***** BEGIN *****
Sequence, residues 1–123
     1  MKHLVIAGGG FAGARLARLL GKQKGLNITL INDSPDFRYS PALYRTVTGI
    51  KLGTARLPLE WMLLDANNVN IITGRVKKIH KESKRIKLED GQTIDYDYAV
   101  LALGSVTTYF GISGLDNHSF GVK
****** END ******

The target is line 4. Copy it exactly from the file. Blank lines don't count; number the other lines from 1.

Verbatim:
   101  LALGSVTTYF GISGLDNHSF GVK